Anti‐inflammatory Dietary Supplements in the Chemoprevention of Oral Cancer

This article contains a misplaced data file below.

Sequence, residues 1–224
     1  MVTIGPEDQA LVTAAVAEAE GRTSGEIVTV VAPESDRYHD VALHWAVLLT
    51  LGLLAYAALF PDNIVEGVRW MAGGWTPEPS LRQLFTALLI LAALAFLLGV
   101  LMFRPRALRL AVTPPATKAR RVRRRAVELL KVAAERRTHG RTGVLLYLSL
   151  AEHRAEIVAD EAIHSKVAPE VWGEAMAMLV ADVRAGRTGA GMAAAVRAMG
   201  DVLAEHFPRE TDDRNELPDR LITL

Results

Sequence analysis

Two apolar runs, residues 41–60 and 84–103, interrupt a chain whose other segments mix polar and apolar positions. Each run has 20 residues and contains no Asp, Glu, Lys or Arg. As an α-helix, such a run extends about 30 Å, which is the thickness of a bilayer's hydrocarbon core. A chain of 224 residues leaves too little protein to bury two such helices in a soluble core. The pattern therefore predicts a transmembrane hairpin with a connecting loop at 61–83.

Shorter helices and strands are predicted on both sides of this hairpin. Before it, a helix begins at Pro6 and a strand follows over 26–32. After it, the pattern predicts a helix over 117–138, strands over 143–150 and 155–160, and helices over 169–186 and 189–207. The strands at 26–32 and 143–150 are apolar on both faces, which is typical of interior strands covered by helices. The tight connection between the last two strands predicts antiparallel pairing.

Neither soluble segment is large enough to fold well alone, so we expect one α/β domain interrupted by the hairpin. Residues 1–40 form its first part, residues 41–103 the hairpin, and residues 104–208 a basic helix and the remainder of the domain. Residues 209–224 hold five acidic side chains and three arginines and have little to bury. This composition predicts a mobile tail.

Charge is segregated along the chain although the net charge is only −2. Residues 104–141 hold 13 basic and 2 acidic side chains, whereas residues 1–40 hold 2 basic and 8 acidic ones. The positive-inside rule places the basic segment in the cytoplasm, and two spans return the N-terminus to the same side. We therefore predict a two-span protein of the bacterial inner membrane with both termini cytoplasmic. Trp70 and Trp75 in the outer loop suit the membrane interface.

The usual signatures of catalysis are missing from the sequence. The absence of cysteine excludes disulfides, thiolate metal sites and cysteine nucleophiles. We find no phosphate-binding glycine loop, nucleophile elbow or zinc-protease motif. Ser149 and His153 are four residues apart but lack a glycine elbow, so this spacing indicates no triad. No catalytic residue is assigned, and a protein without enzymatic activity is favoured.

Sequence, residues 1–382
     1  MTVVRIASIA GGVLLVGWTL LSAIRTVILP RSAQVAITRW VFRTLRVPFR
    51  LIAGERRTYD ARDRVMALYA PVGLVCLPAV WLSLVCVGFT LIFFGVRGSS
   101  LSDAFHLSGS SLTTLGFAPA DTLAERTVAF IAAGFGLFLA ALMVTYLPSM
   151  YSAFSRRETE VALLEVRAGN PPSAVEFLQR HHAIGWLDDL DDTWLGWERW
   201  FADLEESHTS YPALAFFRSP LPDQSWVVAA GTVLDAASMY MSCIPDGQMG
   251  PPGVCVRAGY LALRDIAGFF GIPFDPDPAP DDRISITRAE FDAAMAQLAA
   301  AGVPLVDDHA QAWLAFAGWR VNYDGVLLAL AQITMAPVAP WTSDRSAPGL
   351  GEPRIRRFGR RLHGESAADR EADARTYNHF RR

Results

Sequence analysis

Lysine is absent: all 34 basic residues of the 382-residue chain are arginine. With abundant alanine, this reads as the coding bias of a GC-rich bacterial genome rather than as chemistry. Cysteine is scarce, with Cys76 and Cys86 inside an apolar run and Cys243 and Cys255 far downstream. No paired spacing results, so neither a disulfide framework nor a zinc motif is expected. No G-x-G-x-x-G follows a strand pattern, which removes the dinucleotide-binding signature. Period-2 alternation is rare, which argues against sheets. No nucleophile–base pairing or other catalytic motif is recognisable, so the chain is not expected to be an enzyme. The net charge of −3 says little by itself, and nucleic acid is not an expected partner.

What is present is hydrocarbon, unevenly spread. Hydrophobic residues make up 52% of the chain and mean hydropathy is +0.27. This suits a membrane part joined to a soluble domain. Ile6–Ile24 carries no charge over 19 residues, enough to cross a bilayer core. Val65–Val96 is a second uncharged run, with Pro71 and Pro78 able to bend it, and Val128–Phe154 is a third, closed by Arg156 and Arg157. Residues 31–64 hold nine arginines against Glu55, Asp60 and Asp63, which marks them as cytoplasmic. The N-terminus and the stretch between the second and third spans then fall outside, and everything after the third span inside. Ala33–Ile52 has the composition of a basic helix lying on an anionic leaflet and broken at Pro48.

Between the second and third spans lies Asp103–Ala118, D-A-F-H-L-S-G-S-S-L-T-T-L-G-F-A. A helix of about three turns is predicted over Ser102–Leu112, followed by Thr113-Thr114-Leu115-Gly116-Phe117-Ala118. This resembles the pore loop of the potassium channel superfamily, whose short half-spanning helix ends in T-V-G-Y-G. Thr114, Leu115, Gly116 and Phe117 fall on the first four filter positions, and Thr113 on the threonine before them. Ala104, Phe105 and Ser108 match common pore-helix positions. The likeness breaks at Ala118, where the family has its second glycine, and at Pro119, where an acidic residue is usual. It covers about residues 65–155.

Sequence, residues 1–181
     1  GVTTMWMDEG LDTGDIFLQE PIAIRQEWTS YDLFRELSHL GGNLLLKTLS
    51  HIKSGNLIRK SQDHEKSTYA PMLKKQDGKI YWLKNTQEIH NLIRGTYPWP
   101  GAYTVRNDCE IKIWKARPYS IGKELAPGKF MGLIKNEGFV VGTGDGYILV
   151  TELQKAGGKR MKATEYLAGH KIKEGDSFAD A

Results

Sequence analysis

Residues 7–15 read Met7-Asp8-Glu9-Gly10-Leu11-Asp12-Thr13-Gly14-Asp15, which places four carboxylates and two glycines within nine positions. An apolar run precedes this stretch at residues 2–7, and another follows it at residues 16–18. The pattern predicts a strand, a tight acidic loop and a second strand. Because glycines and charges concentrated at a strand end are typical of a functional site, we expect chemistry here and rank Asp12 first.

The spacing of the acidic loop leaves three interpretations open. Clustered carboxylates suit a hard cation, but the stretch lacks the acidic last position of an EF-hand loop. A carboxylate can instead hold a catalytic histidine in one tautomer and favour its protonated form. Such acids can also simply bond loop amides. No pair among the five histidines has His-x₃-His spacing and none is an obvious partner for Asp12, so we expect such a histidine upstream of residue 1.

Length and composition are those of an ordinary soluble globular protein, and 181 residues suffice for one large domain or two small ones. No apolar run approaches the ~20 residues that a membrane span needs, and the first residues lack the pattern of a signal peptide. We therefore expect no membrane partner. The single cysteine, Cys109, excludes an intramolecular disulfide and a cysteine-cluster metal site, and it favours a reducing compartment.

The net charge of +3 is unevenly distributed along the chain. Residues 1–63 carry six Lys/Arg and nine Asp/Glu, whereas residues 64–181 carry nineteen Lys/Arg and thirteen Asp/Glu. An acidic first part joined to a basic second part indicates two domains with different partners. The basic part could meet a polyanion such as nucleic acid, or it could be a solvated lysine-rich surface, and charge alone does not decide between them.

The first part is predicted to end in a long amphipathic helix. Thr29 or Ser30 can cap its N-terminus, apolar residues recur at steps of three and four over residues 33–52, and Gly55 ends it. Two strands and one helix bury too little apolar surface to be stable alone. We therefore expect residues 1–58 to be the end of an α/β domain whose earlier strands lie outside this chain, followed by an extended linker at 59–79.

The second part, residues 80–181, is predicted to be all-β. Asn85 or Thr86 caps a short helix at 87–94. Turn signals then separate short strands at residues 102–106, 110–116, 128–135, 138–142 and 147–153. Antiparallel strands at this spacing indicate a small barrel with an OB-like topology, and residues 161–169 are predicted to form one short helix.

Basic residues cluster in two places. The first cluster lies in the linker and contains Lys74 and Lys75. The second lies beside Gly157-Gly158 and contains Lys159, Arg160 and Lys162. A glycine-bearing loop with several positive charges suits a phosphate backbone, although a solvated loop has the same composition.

Over the past few years, beta-carotene has progressively gained ground as a drug chosen in the treatment of oral leukoplakias, thus making it possible to reduce the use of 13-cis-retinoic acid, which was shown by many studies to be highly toxic while beta-carotene has proved to have no significant side effects and hence to be much more suitable in oral premalignancy. In 1989, a phase II study of patients showing oral leukoplakias and treated with beta-carotene (90 mg/day) was begun. A total of 23 patients (aged between 17 and 85) were included in the study and 18 (8 male and 10 female) were evaluated. Eight patients (44.4%) had objective responses (6 complete, 2 partial). Four CR and a PR appeared unexpectedly within 2-7 months after the end of the therapy. The lesions were macroscopically and histologically examined at entry; in the evaluated patients, two types of alterations were found: atypical hyperplasia (16 patients) and dysplasia (2 patients). No signs of significant toxicity were detected; only in 1 patient treatment had to be interrupted for 1 week. The results of this study show the fair efficacy of beta-carotene against oral leukoplakias, but further confirmations through controlled clinical studies are needed.